As far as authority is concerned, there has been a shift happening over the course of a couple of generations. We have shifted from authorities being respected, to not being respected, to being distrusted and even opposed. Think of the police, or politicians. Actually, let’s think about the preacher. People may like the preacher, listen to the preacher, even appreciate the sermons, but there is a resistance to the concept of the preacher speaking with authority. One result of this is the shift in perspective and tone from preachers. Preachers often preach as fellow observers and recipients of the biblical text. The sermons are much more in the “key of we” than they used to be. There are benefits to this approach, but also some problems.
Back in the 1970’s the issue of authority was addressed in Fred Craddock’s book, As One Without Authority. This was a hugely influential book and it brought the “New Homiletic” into the consciousness of many in the preaching community. While there is plenty to learn from writer’s like Craddock, there is an underlying issue that needs to be faced. The New Homiletic, built on an underlying New Hermeneutic, is strongly emphasizing a reader-response approach to the biblical text. While we should think about what we, as readers, bring to our understanding of any passage we are reading, we must never lose sight of the author and his/His intent in the text.
If we believe a(A)uthorial intent matters, which it surely must if there is to be any correspondence between truth and reality, then it would be inappropriate to preach completely in “we.” As a preacher, you prayerfully study the text in order to determine the author’s intended meaning as closely as possible. Then you prayerfully consider how to preach that text to your listeners so that they can relevantly hear the truth of God’s word in the tone of God’s heart.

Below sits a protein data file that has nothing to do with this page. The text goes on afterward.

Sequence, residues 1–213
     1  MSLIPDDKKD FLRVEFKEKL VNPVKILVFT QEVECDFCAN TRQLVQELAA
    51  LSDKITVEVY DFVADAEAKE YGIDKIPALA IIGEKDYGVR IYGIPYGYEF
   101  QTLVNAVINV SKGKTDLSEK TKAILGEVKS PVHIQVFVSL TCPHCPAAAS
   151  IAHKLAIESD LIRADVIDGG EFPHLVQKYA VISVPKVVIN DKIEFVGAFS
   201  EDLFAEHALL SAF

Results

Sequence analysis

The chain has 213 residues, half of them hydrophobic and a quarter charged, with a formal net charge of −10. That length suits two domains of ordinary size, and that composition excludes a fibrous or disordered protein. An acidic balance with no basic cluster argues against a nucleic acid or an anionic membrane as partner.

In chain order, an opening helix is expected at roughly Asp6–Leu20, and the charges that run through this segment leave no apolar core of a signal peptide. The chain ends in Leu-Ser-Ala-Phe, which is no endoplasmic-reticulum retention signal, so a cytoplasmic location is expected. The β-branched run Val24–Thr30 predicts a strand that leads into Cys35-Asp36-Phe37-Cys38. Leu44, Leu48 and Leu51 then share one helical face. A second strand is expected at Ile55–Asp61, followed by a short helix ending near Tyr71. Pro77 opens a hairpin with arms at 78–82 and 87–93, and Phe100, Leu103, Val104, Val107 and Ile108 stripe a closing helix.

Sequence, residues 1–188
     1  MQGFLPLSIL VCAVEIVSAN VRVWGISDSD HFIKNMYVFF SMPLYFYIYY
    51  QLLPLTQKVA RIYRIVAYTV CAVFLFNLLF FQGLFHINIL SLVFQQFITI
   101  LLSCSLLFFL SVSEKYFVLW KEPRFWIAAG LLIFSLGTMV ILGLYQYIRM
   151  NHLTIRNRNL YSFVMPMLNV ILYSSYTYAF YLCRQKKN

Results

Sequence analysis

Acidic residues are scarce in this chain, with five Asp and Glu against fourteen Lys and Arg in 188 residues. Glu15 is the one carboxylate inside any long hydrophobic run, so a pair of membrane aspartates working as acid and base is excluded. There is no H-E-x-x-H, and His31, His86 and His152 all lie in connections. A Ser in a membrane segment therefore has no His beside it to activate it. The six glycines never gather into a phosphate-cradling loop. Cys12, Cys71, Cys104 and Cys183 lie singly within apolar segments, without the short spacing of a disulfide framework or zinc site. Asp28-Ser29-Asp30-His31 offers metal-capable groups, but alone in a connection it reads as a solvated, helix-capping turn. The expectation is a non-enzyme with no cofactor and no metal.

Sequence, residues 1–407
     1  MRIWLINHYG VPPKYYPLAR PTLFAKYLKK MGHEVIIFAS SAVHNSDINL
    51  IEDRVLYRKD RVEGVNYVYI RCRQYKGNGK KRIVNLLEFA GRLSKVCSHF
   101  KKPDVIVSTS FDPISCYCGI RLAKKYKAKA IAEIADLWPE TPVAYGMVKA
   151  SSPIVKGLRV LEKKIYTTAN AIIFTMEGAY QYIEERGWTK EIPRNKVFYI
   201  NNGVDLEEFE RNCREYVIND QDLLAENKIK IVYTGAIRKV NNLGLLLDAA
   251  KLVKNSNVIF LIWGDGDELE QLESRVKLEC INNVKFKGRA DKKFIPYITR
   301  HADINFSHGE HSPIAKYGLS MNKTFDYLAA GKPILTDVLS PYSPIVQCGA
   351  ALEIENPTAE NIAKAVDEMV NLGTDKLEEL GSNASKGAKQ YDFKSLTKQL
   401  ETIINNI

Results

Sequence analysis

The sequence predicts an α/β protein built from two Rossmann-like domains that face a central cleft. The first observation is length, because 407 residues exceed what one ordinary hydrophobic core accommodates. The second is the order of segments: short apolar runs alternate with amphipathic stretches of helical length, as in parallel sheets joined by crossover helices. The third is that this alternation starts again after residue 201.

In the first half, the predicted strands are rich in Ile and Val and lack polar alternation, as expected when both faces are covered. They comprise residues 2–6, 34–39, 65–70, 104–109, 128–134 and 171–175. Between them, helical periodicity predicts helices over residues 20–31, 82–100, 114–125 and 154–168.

Your crafting of the sermon should never obliterate your study of the text, or else you preach a message stripped of the authority of God’s Word. Your authority is not the concern. His is. So when you preach, there should be a humble (you) and yet authoritative (His) explanation of the meaning of that biblical text and its implications for your listeners.
Humble but authoritative does not mean we have to jettison the “we” completely and become bombastic, haranguing, nagging, drill sergeants (remember the “humble”). However, humble but authoritative cannot be merely suggestive, reactive, passive and soft, either. There may be nobody in the room who consciously considers your role as a preacher to be authoritative, but everyone should sense that what you say is more than a suggestion.
If “we” is at home anywhere in the sermon, perhaps it is in the more applicational elements. After all, a strong division between clergy and laity has far less biblical argument in its favour than the role of authorial intent. You speak as one who needs to respond to God’s Word as much as anyone else. You speak as a priest to priests.
So there must be plenty of “we” in a message – we need to hear from God, we need His grace, we need His instruction, we all have gone astray, etc. But make sure you don’t infect the explanation of the text and the declaration of biblical truth with the subtle yeast of “we” . . . if it loses its anchor point in authorial intent then we all drift together. Understand and explain the meaning of the text with humble authority, and then take a lead as one of the “we” responding to His authoritative Word!